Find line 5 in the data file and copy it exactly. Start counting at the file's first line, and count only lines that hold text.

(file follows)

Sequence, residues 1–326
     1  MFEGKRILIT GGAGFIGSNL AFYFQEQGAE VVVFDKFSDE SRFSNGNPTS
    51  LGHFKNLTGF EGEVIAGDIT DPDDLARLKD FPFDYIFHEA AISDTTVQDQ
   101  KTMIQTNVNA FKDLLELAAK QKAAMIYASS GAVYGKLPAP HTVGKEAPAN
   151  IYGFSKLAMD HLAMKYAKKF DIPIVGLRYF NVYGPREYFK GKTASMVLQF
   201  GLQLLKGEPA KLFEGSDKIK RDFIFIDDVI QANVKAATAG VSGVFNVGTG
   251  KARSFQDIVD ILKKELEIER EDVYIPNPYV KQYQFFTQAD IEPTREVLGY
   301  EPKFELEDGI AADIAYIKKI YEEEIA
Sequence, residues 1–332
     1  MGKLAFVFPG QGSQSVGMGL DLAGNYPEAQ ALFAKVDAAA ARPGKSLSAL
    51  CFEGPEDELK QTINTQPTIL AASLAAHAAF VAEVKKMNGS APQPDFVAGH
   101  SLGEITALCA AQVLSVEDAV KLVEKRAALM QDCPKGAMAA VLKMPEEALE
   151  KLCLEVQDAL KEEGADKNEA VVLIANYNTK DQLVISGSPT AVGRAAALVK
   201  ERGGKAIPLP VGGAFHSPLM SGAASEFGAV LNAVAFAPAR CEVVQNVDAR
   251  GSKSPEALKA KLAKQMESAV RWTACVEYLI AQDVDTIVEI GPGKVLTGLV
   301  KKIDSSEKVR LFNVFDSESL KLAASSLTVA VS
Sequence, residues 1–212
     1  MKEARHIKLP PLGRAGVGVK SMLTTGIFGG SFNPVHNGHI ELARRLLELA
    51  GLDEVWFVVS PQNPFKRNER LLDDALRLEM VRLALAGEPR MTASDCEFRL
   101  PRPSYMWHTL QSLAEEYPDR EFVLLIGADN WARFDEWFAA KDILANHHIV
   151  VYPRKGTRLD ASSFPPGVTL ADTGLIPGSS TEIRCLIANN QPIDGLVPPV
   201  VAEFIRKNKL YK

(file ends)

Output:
   151  IYGFSKLAMD HLAMKYAKKF DIPIVGLRYF NVYGPREYFK GKTASMVLQF